By Aamir Latif
Things are not that conducive for the five-party religious alliance Muttahida Majlis-e-Amal (MMA) in the upcoming elections, compared to its glory days in the 2002 polls.
But local analysts believe that the alliance would still be a major stakeholder in the two provinces in July 25 elections.
Though the MMA has fielded candidates in all the four provinces, its key focus is on northwestern Khyber Pakhtunkhwa (KP) and southwestern Balochistan province, where it has a strong vote bank.
In addition, the MMA expects encouraging results from the country's commercial capital Karachi and Federally Administered Tribal Areas (FATA).
The alliance, which is a conglomerate of all Sunni and Shia school of thoughts in the country, had ruled the KP from 2002 to 2007, whereas it was the second largest coalition partner in Balochistan during the same period. It had also clinched the office of opposition leader in center by defeating the then-main opposition Pakistan People's Party ( PPP).
But, the alliance comprising Jamat-e-Islami (JI), Jamiat Ulema Islam (JUI) , Jamiat Ahl-e-Hadit, Jamiat Ulema Pakistan (AA) and Tehrik-e-Islami, remained dormant till early this year following differences between the two major components -- JI and JUI.
In the last election, JUI and JI contested separately.
Their combined votes in 2013 were slightly over 21 per cent compared to 20 per cent of Pakistan Tehrik-e-Insaf (PTI), led by former cricket hero Imran Khan in KP. But since the two parties had contested separately, the PTI managed to strike a coaltion with JI and ruled the province for the next five years.
The poor performance, according to analysts, have forced the two mainstream religious parties to shun their differences and reactivate the alliance.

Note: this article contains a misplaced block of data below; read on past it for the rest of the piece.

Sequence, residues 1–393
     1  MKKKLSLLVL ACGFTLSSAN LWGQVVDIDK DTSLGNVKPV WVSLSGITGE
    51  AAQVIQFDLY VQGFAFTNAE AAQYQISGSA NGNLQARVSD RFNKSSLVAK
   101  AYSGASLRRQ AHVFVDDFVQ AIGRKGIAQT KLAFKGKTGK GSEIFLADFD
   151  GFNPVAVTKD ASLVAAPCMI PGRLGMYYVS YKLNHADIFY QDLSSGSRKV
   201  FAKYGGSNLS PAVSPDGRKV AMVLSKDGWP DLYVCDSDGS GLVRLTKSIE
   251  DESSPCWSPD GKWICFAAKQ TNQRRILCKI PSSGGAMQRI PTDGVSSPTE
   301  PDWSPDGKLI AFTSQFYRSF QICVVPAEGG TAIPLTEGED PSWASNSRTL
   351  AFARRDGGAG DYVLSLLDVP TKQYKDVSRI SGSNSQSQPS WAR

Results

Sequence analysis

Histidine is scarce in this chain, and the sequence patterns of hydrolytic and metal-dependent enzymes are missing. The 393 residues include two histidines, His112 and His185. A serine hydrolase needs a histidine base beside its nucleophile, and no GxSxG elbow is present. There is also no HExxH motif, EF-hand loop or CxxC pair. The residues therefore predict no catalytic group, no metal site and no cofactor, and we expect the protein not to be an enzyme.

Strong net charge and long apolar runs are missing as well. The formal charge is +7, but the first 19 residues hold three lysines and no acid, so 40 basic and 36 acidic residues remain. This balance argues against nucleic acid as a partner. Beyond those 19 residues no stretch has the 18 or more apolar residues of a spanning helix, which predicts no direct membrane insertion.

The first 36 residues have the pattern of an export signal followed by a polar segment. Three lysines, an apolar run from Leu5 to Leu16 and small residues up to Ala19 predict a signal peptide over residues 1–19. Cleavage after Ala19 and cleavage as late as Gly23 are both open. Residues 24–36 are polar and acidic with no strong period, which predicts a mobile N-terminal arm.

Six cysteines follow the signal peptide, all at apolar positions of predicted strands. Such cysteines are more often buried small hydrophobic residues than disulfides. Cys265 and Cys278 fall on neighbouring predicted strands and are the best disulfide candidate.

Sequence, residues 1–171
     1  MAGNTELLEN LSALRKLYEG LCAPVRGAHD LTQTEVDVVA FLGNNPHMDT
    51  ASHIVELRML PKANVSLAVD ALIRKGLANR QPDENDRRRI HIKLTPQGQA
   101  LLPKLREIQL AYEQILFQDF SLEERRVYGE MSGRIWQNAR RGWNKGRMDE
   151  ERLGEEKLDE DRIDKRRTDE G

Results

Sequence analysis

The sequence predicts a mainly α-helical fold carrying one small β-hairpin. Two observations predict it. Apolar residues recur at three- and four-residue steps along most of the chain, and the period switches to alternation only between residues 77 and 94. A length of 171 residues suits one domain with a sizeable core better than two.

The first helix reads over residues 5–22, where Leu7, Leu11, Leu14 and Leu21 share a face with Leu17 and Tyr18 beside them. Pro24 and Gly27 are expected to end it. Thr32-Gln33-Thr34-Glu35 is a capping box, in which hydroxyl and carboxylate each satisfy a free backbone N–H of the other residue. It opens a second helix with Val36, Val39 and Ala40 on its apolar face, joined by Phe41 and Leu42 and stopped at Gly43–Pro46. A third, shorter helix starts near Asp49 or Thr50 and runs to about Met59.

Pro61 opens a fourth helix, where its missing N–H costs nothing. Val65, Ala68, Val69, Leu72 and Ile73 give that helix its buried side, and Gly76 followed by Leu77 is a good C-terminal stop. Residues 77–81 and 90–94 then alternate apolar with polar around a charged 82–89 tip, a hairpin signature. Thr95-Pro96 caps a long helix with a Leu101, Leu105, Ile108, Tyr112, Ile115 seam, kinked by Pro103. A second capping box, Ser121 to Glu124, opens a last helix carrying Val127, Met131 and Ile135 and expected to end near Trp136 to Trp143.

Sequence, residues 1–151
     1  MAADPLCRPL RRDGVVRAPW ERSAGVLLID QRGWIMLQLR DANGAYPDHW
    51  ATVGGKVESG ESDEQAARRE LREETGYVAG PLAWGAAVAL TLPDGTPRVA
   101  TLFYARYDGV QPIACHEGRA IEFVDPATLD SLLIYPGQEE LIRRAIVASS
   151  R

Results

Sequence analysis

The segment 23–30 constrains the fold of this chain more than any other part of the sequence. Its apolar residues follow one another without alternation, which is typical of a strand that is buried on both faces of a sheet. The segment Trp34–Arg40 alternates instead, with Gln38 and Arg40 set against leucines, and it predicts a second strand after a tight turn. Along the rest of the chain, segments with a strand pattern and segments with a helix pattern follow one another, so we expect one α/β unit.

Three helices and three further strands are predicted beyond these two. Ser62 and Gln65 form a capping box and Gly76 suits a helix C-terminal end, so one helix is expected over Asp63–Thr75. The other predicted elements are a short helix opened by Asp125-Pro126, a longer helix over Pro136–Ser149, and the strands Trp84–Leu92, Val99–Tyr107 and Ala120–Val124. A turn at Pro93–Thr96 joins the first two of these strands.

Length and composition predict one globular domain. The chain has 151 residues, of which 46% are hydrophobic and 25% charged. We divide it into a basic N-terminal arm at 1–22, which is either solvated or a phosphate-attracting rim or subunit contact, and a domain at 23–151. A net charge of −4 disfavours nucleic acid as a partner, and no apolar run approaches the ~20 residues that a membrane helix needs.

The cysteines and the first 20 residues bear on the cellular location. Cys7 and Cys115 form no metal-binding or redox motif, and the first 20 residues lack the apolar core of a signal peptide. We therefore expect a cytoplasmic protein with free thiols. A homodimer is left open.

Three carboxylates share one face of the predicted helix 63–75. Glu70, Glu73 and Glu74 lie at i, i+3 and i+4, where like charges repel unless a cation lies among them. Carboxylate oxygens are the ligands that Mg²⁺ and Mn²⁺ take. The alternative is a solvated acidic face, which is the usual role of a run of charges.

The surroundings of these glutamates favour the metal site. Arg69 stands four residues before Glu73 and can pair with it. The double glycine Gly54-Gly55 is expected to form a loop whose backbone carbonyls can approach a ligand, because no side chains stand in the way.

Things not same
But many believe that things are not as smooth as they were in the 2002 elections for MMA.
"There will be a totally new scenario MMA is going to face in the upcoming elections. It won't be able to repeat the 2002 performance this time," Rahimullah Yusufzai, a political analyst from Peshawar told Anadolu Agency.
"In 2002, the country's popular leadership was in exile, anti-America sentiments were high because of the U.S. invasion of Afghanistan, and the right wing vote had no other choice except MMA. But this is not the case this time," Yusufzai said.
He was referring to the two former prime ministers, Nawaz Sharif and Benazir Bhutto who remained in exile from late 1990s to 2007 due to military rule in the country.
Another major disadvantage for MMA, he noted, was the emergence of PTI, which had swiftly encroached on the right wing votes, especially youths.
The largest contender for the right wing votes, Pakistan Muslim League-Nawaz, is already there to further reduce space for the religious alliance, he maintained.
But, he added: "MMA would still be significant in KP and Balochistan. MMA will be the second largest party in KP and Balochistan. It has the potential to form a PTI minus coalition government in KP but definitely it will not be that easy."
Abdul Khalique Ali, a Karachi-based political analyst, sees decline in MMA's votes particularly in Punjab -- the country's largest province and political power base -- because of the emergence of two new religious parties.
Tehrik-e-Labbaik Pakistan (TLP), which represents the popular Barelvi school of thought, whereas Milli Muslim League, the political wing of Jamat-ud-Dawah (JuD), whose majority voters belong to Ahl-e-Hadit school of thought, have shown impressive performance in recent by-elections in Punjab.
"The two parties will definitely grab a significant number of Barelvi and Ahl-e-Hadith voters in Punjab," Ali said.
Also, he believed, TLP could put a dent in MMA voters in Karachi and some parts of KP.
MMA , however, would enjoy a relatively smooth sailing in northern Balochistan and various parts of southern and northern KP, he added.
"MMA is the only party that can come to terms with the PTI's challenge in KP," Ali said.